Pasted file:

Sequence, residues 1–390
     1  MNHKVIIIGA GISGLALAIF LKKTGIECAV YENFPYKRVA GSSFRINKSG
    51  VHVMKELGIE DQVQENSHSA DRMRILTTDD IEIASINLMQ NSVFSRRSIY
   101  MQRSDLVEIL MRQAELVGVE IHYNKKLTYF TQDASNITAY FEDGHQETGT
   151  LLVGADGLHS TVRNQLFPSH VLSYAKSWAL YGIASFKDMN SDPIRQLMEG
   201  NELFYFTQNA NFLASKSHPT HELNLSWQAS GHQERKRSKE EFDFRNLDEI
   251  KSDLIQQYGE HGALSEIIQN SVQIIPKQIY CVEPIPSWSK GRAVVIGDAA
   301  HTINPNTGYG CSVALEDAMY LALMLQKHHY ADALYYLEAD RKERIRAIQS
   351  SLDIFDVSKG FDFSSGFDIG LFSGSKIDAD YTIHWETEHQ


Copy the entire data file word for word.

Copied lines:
Sequence, residues 1–390
     1  MNHKVIIIGA GISGLALAIF LKKTGIECAV YENFPYKRVA GSSFRINKSG
    51  VHVMKELGIE DQVQENSHSA DRMRILTTDD IEIASINLMQ NSVFSRRSIY
   101  MQRSDLVEIL MRQAELVGVE IHYNKKLTYF TQDASNITAY FEDGHQETGT
   151  LLVGADGLHS TVRNQLFPSH VLSYAKSWAL YGIASFKDMN SDPIRQLMEG
   201  NELFYFTQNA NFLASKSHPT HELNLSWQAS GHQERKRSKE EFDFRNLDEI
   251  KSDLIQQYGE HGALSEIIQN SVQIIPKQIY CVEPIPSWSK GRAVVIGDAA
   301  HTINPNTGYG CSVALEDAMY LALMLQKHHY ADALYYLEAD RKERIRAIQS
   351  SLDIFDVSKG FDFSSGFDIG LFSGSKIDAD YTIHWETEHQ